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Thursday 21 November 2019
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Charles says land identified for new school

The unsafe laboratory area of the Scarborough Secondary School has been cordoned off. PHOTO BY DAVID REID - DAVID REID
The unsafe laboratory area of the Scarborough Secondary School has been cordoned off. PHOTO BY DAVID REID - DAVID REID

Tobago House of Assembly (THA) Chief Secretary Kelvin Charles said plans are on stream to construct a new Scarborough Secondary School.

Addressing at a news conference at Mt Irvine Bay Resort, on Wednesday, Charles said a parcel of land has already been identified but he prefers not to say where it is located at this time.

"We are in the process of doing a valuation on that parcel of land after which, of course, the process of acquisition will begin," he told reporters.

"The preferred approach is by private treaty, of course. So, we are moving as quickly as we can on that. And then the designs and the necessary funds."

Charles, who is also Secretary for Education, Innovation and Energy, could not give a time frame for the construction.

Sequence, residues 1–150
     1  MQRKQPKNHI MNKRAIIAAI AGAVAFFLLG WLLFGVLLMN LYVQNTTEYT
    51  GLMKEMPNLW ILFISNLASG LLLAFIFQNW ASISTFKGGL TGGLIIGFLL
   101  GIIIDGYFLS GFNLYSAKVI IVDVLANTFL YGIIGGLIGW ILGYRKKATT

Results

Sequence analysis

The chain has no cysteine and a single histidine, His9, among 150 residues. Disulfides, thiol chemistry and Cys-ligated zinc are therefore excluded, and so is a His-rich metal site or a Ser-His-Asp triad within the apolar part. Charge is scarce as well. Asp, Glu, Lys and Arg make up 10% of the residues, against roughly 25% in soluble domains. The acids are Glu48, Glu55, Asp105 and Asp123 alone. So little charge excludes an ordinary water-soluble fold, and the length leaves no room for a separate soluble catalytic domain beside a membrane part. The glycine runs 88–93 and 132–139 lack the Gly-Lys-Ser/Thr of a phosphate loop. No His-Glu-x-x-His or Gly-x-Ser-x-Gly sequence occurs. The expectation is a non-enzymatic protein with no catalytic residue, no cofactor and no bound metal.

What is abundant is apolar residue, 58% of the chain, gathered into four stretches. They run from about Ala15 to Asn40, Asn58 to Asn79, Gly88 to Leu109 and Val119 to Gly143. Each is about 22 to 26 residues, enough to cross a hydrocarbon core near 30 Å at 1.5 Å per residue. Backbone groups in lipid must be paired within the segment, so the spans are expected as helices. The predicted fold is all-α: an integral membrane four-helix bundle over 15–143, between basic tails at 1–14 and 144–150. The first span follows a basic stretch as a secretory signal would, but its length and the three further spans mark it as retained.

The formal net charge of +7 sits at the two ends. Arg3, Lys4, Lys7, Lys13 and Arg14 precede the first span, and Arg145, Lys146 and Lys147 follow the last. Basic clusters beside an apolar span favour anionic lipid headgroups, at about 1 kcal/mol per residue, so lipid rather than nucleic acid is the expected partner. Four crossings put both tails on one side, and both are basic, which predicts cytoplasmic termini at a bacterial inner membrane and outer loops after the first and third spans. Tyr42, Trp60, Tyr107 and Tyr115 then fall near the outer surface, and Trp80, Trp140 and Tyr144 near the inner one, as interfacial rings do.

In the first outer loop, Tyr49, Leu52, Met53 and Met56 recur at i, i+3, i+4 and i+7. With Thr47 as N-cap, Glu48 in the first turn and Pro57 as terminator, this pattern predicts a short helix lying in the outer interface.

"I am hoping we can reach a settlement between the proposed vendor and take it from there."

Charles' announcement of plans to build a new school came after a putrid, burning scent on Tuesday led to the evacuation of Block A of the institution.

School officials later learnt the scent was caused by the overheating of lighting fixtures along the block.

David Thomas, PRO, Tobago Division, TT Fire Service, told Newsday Tobago on Tuesday an investigation revealed a failure of the electrical system for the fixtures.

Charles said on Wednesday he was advised all of the remedial works on the block were completed.

"I believe that all of the remedial works are completed because at about some minutes after three (on Wednesday afternoon), a final set of works at Block A were 95 per cent complete and since we are talking installation of LED lights replacing the fluorescent fixtures, it is reasonable to conclude that those works are completed."

Charles said given the location of the school, the ballasts and ends of some of the fixtures tend to rust.

"So, what we did was to take the opportunity, instead of just replacing the fluorescent fixtures with new fluorescent fixtures, we move one time to LED fixtures, which do not carry ballasts and which, of course, are more durable and safer."

Charles also responded to questions about a shortage of teachers at the school.

Newsday Tobago learnt two English teachers were retained recently.

Charles said filling vacancies can sometimes be a lengthy process.

"One of the things we must recognise sometimes is that we are faced with resignations and sometimes the resignations are with immediate effect. Then, it is a process to get someone in."

On Thursday, students staged a placard protest near the school's entrance, demanding that students and teachers be relocated.

Teachers, meanwhile, have vowed to stay away from classes until the Electrical Inspectorate visits the school

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